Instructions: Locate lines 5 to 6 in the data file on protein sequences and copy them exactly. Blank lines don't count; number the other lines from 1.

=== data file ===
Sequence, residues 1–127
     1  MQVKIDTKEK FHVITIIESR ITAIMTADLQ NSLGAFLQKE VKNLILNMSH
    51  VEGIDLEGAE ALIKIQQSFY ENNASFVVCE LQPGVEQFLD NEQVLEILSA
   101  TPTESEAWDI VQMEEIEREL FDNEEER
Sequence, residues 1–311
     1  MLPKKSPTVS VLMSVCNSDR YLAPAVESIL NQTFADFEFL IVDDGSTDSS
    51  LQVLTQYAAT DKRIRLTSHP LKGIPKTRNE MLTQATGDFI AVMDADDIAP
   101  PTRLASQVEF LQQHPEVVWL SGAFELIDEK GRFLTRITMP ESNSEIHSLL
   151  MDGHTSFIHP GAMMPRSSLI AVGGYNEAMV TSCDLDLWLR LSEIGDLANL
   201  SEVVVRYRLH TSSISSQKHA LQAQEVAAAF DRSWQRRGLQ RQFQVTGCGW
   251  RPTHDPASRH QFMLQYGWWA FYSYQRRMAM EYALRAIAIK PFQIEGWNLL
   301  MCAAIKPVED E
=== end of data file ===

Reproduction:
Sequence, residues 1–311
     1  MLPKKSPTVS VLMSVCNSDR YLAPAVESIL NQTFADFEFL IVDDGSTDSS